Meet Kit will help reluctant readers want to read due to its easy languague. Then the reader can pick up the next book to learn even more about Kit.
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A Kid's Review on February 17, 2002
Format: Paperback
Kit's Surprise is my favorite American Girl Book! The setting is nineteen thirty four in Cincinatti. Kit's dad has lost his job and her family is struggling to have enough money to pay their bills. Kit is highly discouraged because she is asked to care for her nasty uncle. He always has a list of jobs ready for Kit. She becomes even more sad because she and her best friend Ruthie get into a huge fight. Can Kit find a way to brighten up the holidays? Read this book to find out!
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Format: Hardcover
In 1932 Kit finds that she has hard lessons to learn about the Great Depression, both at home and at school. Like the first book they have to have boarders living in their house because of the money situations. Her father lost his job and Kit is praying that her father will get a job. Every day Kit's father pretends to go on job interviews so Kit thinks that it will turn out all right (even though he doesn't.) At school one day Kit was asked to take the Thanksgiving basket to the food pantry and there she finds out that her father is depending on the food pantry for food. She is ashamed that this is true. To find out if her father gets a job you have to read the book.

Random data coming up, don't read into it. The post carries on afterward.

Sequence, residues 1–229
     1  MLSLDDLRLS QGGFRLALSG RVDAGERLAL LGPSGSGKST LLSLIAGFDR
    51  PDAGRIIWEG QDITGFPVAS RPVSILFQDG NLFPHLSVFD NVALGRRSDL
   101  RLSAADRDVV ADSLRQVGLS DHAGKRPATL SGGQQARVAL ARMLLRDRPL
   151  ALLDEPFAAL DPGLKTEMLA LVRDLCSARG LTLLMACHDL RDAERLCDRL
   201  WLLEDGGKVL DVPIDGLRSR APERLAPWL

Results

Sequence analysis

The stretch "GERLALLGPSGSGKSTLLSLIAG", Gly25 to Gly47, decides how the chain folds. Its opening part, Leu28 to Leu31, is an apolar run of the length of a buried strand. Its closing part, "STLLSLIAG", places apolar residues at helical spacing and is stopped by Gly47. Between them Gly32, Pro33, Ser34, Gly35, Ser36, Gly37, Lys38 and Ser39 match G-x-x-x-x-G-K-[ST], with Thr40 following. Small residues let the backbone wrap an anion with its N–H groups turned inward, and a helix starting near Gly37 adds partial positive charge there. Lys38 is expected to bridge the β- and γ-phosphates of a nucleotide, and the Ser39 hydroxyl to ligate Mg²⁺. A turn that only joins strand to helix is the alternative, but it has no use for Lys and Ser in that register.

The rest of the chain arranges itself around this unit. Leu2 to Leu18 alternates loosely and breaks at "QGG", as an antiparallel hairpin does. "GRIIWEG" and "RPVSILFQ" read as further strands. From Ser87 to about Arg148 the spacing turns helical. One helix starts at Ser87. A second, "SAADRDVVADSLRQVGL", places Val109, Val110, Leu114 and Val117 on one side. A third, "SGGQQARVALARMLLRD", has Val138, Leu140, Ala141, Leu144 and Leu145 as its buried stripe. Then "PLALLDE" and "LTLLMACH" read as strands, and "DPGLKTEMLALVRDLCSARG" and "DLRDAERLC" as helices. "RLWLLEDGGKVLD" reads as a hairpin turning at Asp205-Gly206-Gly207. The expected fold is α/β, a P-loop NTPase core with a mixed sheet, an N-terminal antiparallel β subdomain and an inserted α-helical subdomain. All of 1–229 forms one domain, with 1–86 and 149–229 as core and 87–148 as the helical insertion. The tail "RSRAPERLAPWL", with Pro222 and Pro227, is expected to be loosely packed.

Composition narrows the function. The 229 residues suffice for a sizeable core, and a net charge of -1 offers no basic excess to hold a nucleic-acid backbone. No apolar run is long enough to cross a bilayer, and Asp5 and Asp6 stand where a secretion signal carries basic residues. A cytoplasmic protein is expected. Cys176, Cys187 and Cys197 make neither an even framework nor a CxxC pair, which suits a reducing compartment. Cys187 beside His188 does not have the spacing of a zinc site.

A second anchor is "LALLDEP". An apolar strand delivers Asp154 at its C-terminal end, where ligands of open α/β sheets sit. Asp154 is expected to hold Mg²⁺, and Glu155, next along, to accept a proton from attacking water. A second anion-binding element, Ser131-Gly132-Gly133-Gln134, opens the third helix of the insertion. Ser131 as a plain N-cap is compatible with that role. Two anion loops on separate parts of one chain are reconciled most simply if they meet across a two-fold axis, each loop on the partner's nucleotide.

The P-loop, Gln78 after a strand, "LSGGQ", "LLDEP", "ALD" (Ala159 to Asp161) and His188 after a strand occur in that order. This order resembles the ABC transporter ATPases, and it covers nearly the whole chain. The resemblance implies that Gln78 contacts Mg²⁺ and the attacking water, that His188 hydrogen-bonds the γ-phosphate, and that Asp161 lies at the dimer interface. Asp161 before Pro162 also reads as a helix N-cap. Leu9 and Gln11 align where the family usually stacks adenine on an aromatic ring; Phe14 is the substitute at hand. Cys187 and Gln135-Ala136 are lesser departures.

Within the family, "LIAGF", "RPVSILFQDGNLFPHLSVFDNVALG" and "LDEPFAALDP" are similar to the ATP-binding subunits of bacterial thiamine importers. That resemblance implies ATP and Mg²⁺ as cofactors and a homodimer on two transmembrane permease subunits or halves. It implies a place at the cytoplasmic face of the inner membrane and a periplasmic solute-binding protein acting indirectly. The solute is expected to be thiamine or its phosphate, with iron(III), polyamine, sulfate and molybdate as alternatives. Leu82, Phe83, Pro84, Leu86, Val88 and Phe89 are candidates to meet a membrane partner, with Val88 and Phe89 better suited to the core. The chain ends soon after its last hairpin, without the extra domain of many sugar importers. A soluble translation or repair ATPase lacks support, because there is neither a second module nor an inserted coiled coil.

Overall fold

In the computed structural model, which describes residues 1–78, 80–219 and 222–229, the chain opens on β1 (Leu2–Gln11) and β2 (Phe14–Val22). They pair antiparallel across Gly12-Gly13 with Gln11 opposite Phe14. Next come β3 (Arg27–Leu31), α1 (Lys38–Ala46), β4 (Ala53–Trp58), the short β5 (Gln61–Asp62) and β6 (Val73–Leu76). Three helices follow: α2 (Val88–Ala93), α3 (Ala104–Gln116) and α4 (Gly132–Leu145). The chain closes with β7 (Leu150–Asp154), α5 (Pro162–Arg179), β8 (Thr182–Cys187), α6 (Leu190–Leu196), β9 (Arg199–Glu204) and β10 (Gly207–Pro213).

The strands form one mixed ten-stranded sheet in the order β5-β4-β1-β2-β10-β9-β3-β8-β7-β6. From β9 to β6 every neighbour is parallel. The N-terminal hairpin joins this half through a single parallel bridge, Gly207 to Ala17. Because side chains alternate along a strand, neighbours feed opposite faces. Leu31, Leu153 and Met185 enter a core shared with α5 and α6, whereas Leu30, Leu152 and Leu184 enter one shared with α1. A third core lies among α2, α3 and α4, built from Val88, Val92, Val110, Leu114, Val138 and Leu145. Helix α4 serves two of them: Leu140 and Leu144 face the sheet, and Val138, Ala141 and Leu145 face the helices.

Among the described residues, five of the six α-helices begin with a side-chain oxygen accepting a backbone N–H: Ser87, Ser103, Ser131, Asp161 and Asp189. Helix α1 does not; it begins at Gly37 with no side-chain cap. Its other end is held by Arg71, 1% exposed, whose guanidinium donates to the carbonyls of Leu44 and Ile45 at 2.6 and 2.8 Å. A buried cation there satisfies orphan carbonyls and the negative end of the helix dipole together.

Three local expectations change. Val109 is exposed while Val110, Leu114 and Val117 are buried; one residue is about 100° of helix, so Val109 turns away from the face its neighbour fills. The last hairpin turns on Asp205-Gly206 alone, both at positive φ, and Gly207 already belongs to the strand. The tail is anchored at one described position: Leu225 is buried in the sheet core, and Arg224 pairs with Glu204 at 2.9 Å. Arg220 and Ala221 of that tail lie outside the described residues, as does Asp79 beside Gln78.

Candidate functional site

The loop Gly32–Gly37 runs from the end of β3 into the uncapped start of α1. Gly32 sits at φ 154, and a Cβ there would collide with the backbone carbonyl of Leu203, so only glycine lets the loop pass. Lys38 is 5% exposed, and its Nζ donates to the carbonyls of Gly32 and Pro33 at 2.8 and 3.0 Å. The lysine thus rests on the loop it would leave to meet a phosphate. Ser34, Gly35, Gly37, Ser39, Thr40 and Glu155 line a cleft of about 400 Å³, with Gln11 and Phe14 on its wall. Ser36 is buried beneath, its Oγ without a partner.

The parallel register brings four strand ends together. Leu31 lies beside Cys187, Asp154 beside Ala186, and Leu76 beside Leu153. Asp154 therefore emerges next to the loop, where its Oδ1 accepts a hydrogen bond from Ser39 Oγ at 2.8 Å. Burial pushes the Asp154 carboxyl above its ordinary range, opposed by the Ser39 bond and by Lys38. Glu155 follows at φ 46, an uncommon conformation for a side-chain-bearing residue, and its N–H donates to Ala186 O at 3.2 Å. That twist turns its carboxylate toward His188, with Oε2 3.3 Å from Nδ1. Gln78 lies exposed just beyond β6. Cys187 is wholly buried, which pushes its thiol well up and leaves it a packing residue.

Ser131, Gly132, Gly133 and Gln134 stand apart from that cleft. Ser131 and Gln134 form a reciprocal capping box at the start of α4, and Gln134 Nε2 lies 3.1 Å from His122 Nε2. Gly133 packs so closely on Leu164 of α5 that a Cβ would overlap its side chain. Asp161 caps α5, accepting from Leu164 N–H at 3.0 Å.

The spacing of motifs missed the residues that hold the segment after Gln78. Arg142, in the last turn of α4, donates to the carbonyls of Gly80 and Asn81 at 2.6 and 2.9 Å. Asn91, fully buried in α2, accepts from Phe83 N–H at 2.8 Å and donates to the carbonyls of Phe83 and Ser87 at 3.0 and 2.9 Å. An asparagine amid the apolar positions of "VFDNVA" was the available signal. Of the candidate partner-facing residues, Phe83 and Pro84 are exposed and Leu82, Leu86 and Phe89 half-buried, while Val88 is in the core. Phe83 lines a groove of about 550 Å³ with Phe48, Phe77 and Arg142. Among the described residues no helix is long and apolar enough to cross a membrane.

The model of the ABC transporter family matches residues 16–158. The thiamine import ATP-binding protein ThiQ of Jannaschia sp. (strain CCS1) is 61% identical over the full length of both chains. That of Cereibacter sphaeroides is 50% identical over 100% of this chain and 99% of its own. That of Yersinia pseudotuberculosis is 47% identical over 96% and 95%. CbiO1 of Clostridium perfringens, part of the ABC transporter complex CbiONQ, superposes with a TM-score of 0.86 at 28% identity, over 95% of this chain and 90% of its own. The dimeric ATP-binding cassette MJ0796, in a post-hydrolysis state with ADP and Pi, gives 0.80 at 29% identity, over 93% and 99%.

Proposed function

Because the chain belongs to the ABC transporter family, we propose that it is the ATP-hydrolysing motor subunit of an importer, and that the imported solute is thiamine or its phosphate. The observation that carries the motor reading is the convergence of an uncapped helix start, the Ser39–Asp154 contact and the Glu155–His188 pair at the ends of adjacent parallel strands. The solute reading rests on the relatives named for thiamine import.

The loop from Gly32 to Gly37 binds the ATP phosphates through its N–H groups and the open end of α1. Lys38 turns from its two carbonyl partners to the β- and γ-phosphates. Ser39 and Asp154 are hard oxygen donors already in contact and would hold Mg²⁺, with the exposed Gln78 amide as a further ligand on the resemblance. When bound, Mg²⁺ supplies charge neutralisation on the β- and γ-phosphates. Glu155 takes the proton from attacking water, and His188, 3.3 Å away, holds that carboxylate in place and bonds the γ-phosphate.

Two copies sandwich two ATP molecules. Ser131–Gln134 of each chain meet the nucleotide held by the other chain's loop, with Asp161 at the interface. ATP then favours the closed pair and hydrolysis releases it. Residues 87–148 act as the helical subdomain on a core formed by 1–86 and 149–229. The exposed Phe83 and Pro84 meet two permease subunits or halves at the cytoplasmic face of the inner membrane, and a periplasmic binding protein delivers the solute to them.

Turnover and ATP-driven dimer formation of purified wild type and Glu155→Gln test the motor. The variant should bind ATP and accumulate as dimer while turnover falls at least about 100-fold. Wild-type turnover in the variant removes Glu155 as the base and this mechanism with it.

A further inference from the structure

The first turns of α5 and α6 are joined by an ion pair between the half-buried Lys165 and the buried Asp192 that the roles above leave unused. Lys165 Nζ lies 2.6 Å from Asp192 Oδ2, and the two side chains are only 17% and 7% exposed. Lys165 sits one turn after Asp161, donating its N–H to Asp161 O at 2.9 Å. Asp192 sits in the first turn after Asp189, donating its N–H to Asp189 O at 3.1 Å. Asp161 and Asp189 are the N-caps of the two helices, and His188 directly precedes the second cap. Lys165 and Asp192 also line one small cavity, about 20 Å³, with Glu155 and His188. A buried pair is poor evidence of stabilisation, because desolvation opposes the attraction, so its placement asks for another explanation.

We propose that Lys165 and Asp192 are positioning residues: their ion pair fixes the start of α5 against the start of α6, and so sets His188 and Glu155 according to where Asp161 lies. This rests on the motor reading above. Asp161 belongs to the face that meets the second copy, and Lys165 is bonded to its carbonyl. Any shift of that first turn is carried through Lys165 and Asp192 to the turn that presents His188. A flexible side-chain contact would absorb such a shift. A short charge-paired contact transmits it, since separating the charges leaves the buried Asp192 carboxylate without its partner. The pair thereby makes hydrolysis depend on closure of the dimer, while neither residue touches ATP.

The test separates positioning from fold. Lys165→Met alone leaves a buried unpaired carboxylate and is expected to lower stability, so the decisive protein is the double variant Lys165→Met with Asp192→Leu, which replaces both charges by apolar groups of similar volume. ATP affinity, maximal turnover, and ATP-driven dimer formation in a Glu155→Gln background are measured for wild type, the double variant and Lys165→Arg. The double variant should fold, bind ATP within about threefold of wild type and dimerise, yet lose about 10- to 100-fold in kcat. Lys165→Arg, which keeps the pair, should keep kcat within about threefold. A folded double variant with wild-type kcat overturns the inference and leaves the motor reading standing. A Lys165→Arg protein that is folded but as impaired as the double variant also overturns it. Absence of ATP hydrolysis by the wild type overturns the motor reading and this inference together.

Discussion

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Format: Paperback Verified Purchase
Kit is definitely one of our favorite girls. We love the values of the 1930s. What a great historical read for girls who love history as mine do, or those who don't! Kit is resourceful, ambitious and a go-getter...all great characteristics for American Girls. The movie is also a great addition to your American Girl collection. This is great for unit studies for the Great Depression!
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Format: Paperback
This is another in the American Girls Short Stories series about Kit Kittredge, a nine-year-old girl living in Cincinnati, Ohio. It is 1934, the Great Depression is deepening, and Kit finds more to worry about. Having overheard that her family might lose their house, Kit jumps at a chance to bring in money by doing odd jobs for her rich but peevish uncle. Taking every opportunity to maximize her earnings, Kit gives a Christmas gift to the family...enough money to pay the electric bill for another month.

I often sing the praises of the American Girls books, and this one is just as good (if not better) than the others. Once again, this book teaches a wonderful lesson, and does it with an exquisite story. As before, I enjoyed Walter Rane's illustrations, which are just perfect for the story. Also, the final chapter is about Christmas 1934, and what it was like for so many Americans. My ten-year-old daughter and I give this book two thumbs up!